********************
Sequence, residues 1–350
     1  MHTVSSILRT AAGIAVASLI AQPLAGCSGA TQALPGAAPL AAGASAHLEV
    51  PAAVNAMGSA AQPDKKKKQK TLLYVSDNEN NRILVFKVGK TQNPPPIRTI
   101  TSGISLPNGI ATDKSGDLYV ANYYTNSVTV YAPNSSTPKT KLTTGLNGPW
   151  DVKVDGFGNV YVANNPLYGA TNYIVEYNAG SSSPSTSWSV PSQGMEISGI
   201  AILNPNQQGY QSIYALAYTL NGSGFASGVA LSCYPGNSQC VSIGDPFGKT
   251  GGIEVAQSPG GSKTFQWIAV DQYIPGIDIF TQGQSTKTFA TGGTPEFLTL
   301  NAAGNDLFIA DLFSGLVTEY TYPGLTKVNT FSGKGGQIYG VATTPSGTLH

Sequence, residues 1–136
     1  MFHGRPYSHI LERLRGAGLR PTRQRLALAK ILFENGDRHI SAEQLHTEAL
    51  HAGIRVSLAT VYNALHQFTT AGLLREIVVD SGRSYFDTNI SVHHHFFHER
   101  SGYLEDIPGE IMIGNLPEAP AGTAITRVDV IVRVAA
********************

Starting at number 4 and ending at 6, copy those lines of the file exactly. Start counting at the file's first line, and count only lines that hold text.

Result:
   101  TSGISLPNGI ATDKSGDLYV ANYYTNSVTV YAPNSSTPKT KLTTGLNGPW
   151  DVKVDGFGNV YVANNPLYGA TNYIVEYNAG SSSPSTSWSV PSQGMEISGI
   201  AILNPNQQGY QSIYALAYTL NGSGFASGVA LSCYPGNSQC VSIGDPFGKT